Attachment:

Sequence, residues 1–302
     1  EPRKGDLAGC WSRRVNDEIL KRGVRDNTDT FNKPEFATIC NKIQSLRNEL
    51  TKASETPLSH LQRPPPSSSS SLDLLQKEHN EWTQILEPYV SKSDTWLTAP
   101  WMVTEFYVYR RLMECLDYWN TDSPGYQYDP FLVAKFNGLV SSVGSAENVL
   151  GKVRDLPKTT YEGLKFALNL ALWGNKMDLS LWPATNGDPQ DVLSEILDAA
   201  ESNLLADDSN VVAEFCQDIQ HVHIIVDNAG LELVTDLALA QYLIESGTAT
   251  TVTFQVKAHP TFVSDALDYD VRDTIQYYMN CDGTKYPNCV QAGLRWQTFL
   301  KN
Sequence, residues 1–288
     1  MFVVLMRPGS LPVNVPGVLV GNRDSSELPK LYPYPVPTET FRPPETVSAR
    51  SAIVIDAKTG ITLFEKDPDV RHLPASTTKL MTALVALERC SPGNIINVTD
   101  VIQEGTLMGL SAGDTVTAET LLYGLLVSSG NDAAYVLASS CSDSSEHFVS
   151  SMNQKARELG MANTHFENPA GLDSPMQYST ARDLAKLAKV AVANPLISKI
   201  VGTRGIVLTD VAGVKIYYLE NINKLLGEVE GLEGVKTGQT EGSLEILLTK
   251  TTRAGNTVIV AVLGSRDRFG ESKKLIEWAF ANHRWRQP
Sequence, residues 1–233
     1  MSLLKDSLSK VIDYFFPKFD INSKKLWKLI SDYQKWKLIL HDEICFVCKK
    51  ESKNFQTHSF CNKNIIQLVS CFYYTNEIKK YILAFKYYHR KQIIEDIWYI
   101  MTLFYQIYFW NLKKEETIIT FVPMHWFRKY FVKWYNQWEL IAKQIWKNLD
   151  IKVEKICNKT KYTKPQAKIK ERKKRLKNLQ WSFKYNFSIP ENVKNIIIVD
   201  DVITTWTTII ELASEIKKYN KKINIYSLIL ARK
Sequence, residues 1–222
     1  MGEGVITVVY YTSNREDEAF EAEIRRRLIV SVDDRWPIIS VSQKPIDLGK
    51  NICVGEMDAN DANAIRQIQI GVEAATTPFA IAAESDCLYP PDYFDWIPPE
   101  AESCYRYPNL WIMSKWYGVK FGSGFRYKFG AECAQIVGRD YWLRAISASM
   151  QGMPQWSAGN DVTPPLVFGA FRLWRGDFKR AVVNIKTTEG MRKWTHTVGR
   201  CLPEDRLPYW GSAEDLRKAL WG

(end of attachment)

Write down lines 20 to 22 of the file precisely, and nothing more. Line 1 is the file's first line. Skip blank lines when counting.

   151  IKVEKICNKT KYTKPQAKIK ERKKRLKNLQ WSFKYNFSIP ENVKNIIIVD
   201  DVITTWTTII ELASEIKKYN KKINIYSLIL ARK
Sequence, residues 1–222